My Obamacare + adventure: Part 1 of ???

November 12, 2013

By Matthew E. Milliken
Nov. 12, 2013

I’ve written a number of times on this blog about the Patient Protection and Affordable Care Act, informally known as Obamacare. On Oct. 31, I criticized President Obama and his administration for repeatedly and explicitly claiming that Americans with health insurance would be able to keep their policies, even though they knew or should have known that this wasn’t the case.

In general, however, I’ve been cautiously optimistic that the law might — emphasis on might — work more or less as intended, which was how I concluded my Sept. 10 post on the topic.

One thing that I haven’t revealed, until now, is that my perspective on the Affordable Care Act is that of a consumer of health care who enjoys having the buffer from bankruptcy and sudden large expenses that solid health insurance can provide. I thought in particular that the law’s guaranteed issue provision, which requires health insurers to sell policies to all who apply, regardless of pre-existing conditions, was something that might benefit me.

The Obamacare exchanges — the websites through which consumers shop for health insurance policies — officially opened for business on Oct. 1, but I held off on visiting until just the other day.

My reasons for doing so were twofold. One is that I expected a flood of consumers to use the exchanges in the first few days, which did in fact appear to be the case. The other is that, along with a few of its state counterparts, has been notoriously buggy.

So I wasn’t too surprised when, in my first attempt to create a account Sunday evening, I ran into trouble. The problem was relatively easy to fix, however; I switched from using the Safari browser to Google Chrome. That solved the issue, and soon I was off and running.

Now, to borrow the president’s beloved rhetorical flourish, let’s be clear: doesn’t have the greatest design or user interface. At one point, while reviewing the information that I’d given the website, I wanted to change something. That decision plunged me back into a sequence of questions that I’d already answered. It wasn’t clear how to make just one or two changes, so I ended up inputting a lot of data that I had already provided.

I also was a bit confused about how to check my eligibility. When the time came to do so, I clicked on the relevant button and initially thought that the website failed to respond. After I tried again, I realized that the button caused a PDF to download, although that fact was easy to miss because the web page remained static. The browser’s download notification was triggered, but that’s a relatively subtle sign; some other indication that I had just been sent a document to read would have been helpful.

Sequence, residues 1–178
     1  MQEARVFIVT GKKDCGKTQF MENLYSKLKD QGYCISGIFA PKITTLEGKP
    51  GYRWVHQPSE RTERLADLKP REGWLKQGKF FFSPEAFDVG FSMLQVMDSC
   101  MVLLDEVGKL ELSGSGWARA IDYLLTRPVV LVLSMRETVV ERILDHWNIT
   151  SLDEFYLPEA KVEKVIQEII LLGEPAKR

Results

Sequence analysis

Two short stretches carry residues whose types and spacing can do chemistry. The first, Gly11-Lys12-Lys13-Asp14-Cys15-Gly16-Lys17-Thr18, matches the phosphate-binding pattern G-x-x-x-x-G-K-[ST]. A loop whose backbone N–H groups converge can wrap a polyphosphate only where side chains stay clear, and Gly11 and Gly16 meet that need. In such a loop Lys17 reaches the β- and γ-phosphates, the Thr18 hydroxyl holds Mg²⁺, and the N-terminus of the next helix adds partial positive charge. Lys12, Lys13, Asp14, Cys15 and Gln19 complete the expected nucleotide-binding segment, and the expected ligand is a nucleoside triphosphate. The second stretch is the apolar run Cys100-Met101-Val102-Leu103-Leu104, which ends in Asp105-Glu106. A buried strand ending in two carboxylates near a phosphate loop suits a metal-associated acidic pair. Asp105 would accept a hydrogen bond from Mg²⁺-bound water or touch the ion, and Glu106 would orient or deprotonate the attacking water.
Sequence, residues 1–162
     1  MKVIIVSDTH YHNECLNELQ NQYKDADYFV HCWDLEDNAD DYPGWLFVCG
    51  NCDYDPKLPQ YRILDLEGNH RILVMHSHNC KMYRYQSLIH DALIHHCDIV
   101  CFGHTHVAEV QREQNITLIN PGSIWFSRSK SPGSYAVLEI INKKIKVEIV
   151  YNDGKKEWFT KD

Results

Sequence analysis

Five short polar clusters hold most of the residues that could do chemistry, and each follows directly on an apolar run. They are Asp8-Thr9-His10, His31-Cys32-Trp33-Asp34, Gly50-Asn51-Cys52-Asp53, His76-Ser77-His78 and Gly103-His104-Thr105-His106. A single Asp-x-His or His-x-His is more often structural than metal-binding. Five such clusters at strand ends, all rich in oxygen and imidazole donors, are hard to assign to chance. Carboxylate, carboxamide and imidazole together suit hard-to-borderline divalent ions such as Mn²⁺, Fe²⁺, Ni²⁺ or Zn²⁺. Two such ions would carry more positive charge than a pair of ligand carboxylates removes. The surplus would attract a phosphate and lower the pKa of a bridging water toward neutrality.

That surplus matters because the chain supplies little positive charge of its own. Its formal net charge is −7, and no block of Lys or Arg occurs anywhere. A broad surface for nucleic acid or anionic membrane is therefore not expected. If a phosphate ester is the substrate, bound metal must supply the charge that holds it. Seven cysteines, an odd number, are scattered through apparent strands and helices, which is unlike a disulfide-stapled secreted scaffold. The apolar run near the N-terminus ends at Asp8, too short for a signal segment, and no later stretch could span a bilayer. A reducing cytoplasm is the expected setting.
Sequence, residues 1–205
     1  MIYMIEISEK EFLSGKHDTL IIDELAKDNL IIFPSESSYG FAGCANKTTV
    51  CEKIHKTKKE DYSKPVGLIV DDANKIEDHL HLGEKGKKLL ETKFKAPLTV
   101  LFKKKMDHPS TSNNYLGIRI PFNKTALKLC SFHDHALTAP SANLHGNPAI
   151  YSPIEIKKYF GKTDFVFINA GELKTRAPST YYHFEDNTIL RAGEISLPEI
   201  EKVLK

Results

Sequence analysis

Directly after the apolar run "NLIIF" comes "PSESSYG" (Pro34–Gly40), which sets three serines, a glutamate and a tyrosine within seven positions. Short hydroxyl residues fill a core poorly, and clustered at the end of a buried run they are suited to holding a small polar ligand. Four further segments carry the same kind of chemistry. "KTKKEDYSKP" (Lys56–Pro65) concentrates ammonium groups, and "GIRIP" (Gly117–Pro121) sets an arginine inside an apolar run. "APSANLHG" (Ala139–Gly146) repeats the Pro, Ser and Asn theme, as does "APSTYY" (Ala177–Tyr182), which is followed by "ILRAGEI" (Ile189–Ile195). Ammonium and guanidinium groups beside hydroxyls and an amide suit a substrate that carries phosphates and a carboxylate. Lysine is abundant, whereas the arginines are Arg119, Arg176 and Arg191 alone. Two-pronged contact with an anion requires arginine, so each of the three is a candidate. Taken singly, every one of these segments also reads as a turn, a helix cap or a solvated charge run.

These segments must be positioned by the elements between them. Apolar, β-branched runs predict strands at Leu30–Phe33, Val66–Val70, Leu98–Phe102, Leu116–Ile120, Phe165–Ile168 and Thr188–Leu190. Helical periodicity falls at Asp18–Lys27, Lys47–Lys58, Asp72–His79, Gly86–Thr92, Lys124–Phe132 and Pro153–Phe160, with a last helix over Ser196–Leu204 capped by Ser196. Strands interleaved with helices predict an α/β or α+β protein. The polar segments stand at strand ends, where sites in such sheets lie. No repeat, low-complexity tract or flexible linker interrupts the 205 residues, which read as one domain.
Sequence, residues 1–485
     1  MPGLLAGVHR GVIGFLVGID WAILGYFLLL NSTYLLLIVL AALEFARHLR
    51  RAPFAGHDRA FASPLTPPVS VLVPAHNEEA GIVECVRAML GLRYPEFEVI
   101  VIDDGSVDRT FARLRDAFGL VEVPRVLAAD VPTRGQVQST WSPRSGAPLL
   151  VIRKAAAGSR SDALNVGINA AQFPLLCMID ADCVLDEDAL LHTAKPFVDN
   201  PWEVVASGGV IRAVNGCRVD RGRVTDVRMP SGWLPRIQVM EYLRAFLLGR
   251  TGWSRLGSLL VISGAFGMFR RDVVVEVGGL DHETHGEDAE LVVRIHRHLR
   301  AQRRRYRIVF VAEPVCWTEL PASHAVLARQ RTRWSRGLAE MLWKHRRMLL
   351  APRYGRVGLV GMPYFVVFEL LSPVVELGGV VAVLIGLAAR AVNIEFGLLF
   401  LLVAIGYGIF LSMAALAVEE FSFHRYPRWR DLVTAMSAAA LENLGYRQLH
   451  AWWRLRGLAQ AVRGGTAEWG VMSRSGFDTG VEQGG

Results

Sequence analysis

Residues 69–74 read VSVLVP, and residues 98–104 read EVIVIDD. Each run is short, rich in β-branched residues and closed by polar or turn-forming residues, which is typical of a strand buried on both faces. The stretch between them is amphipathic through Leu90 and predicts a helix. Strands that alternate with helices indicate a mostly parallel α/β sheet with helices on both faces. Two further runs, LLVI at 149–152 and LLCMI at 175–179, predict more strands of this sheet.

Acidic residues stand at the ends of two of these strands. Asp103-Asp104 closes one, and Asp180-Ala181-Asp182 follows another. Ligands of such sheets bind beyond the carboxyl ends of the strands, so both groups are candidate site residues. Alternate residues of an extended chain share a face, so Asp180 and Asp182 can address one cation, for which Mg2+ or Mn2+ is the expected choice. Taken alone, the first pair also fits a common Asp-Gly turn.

After I sorted that matter, I advanced to the page showing my coverage options. There are 28 being sold in Durham County, N.C., where I live — no catastrophic plans, eight bronze plans, 12 silver plans, six gold plans and two platinum plans.

I found calling up and reviewing these plans more difficult than necessary. There seemed to be two reasons for this. One is that the interface was slightly confusing; the other is that not all of the buttons seemed to respond as quickly as one would expect.

This is as good a place as any to note that the eligibility decision — the one that I belatedly realized had automatically downloaded from the website — is a dry-as-dust 11-page document. I would blast the government bureaucratese of its prose, but the truth is that it’s not really much better or worse than the dense legalese that private health insurance companies issue to prospective buyers (let alone actual customers).

I haven’t yet enrolled in a plan; I’ll likely detail my decision-making process in a future post. But the bottom line right now on is just like the bottom line on the Affordable Care Act itself: It’s not yet proven that it will work, but it’s certainly not (at least as this point!) the bureaucratic nightmare that its critics have portrayed it as being.

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